A week in which the news was largely about Brexit and Prorogation: lots of law and not much religion…
… although on 29 August, we passed another milestone when the number of page-views of the blog exceeded 1.5 million. This prompted a short review, Recent interest in law and religion in the UK in which we identified the most popular posts.
Brexit, Prorogation and all that
We put up a few posts during the week on the unfolding saga of Brexit and attempts to seek judicial review of the Government’s actions – not because any of it has much to do with “religion”, but because the various legal proceedings raise much wider questions of constitutional and administrative law. At the moment, there are three sets of proceedings in play. A group led by Joanna Cherry QC MP sought interim interdict – unsuccessfully – in the Court of Session, but the petition is to go to a full hearing this week. Gina Miller is seeking judicial review in the High Court of the decision to seek an Order in Council for prorogation, while in Nothern Ireland, Raymond McCord is arguing that leaving the EU without a Withdrawal Agreement would breach the Belfast Agreement. The timetable is:
- Cherry & Ors on Tuesday.
- Miller on Thursday.
- McCord by Friday at the latest.
And last Thursday, Ruth Davidson resigned as Leader of the Conservative Party (and Leader of the Opposition) in Scotland. With three hearings scheduled, what this week might bring is anybody’s guess.
Implications of proroguing parliament
On 23 July, we noted that proroguing Parliament could give rise to a “Catch-22” situation. The Institute for Government noted in a recent post: “[i]f Parliament was prorogued to facilitate no deal, it would not be possible to pass any bills or remaining secondary legislation needed to prepare the UK statute book for such an outcome. It would also prevent the Government from legislating to change the ‘exit day’ currently legislated for in the EU Withdrawal Act and give effect to any new extension to Article 50”.
With regard to remaining Bills, one potential casualty is the Domestic Abuse Bill. Further, the Civil Partnerships, Marriages and Deaths (Registration etc) Act 2019 was granted Royal Assent earlier in the year but none of the associated secondary legislation has yet been laid and the provisions relating to opposite-sex civil partnerships are subject to a very tight timetable; the “sunset clause” requires regulations to be in place by the end of the year.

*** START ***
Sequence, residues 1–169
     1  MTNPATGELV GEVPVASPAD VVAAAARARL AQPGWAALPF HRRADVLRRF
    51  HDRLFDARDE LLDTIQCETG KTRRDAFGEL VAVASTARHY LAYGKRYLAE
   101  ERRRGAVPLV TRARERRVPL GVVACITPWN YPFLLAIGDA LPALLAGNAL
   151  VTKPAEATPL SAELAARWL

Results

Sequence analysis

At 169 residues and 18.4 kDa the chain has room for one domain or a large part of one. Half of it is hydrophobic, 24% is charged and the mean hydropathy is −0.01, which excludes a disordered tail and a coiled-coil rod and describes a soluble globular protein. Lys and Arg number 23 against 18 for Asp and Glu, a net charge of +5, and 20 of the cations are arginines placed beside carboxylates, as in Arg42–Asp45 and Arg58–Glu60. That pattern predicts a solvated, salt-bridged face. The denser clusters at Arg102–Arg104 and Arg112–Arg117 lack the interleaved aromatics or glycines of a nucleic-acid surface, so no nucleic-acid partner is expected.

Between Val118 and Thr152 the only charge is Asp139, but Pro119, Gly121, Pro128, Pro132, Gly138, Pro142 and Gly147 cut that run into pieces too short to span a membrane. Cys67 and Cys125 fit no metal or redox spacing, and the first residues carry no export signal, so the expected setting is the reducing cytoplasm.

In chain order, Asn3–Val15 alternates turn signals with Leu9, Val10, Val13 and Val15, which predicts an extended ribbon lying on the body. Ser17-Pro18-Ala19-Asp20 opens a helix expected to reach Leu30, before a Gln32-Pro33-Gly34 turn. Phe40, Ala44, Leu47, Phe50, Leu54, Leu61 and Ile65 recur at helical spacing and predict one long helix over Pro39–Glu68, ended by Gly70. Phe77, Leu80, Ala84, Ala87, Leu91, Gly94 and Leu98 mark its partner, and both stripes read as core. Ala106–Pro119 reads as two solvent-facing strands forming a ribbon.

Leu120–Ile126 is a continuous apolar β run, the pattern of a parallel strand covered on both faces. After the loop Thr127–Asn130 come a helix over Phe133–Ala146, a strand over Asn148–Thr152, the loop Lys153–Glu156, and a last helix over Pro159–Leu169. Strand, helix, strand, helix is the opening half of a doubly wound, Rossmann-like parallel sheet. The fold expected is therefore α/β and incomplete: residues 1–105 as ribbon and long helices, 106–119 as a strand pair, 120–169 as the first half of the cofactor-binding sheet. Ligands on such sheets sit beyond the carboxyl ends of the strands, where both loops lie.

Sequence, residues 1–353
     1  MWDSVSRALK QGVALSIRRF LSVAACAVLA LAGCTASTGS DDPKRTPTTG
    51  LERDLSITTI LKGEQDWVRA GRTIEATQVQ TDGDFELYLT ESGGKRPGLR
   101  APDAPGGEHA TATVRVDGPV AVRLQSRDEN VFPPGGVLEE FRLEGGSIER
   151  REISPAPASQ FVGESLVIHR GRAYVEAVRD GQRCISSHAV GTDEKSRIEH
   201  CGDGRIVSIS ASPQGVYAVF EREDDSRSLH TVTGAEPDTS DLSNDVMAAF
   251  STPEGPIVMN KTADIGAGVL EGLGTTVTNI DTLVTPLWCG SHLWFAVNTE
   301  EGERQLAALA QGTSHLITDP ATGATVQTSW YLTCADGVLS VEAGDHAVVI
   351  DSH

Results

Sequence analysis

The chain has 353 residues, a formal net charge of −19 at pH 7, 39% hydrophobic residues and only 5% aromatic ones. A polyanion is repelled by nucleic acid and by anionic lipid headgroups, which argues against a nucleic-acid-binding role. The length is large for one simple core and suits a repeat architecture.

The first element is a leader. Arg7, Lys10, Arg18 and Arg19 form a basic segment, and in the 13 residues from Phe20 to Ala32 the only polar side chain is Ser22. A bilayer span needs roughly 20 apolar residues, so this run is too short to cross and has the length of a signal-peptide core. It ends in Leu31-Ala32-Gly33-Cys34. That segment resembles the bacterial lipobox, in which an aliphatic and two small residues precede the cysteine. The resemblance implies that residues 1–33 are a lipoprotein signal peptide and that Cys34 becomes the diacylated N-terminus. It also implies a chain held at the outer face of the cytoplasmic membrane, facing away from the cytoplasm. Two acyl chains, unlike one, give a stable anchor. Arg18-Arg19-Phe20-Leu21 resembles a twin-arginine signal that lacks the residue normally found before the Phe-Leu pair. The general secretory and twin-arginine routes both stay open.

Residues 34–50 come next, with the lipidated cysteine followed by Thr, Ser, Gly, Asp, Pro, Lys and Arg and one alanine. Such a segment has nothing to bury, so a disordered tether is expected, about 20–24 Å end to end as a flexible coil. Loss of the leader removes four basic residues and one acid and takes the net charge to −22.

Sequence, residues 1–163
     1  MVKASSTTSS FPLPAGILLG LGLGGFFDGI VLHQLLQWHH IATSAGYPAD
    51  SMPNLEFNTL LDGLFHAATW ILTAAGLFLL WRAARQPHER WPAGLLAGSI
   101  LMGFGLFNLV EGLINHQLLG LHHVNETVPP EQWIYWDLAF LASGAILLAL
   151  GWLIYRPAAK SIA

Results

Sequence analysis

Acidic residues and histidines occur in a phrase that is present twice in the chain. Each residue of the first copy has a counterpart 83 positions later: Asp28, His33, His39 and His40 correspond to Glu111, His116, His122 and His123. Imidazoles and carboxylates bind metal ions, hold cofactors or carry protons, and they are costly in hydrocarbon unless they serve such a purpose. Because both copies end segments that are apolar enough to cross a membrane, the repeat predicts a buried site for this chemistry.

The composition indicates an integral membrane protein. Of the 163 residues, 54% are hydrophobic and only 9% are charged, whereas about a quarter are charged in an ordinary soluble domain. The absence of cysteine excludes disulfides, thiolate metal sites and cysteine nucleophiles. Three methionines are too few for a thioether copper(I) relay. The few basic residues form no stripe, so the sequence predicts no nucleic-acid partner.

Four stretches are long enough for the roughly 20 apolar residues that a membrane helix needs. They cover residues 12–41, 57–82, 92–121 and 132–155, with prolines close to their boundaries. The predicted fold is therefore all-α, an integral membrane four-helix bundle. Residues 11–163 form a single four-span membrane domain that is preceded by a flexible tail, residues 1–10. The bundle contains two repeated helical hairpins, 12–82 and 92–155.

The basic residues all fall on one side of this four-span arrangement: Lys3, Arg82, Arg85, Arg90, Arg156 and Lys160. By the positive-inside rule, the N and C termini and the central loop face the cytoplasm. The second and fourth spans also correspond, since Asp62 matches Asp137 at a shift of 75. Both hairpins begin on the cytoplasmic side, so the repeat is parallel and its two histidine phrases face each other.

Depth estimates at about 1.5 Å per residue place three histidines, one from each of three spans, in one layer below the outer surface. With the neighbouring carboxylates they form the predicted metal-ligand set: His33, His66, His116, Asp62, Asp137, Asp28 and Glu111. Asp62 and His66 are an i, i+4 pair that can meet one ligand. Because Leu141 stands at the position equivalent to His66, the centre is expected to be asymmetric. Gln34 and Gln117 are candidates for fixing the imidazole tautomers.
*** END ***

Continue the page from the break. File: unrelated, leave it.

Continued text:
Irish Legal News reports [scroll down] that the number of humanist wedding ceremonies in Northern Ireland has risen dramatically, from 60 in 2018 to 180 so far in 2019. Humanist weddings have been available in Northern Ireland since last summer, when the Court of Appeal ruled in Smyth, Re Application for Judicial Review  NICA 25 that they were valid under the Marriage (Northern Ireland) Order 2003 – before that, couples having a humanist wedding would have to have a separate civil ceremony at a register office.
On the same theme, Scottish Legal News reports that, increasingly, English couples are travelling to Scotland for a humanist wedding ceremony – of which there were around 6,400 in 2018.
Cardinal George Pell
Last week’s round-up reported the case of George Pell v The Queen  VSCA 186, in which Cardinal Pell lost his appeal against his conviction for five charges of child abuse in 1990 by a majority of 2-1. The Catholic News Agency reports that sources close to the cardinal said on 26 August that he would be exercising his final appeal to the High Court of Australia in Canberra, Australia’s supreme court, and that, while the majority of “special leave to appeal” cases were not granted by the High Court, his case would likely be accepted, given the controversy triggered by the split decision in the Supreme Court of Victoria. In seeking to take his case to Canberra, Pell will be exercising his last legal avenue to overturn a conviction which has divided opinion in the country and internationally.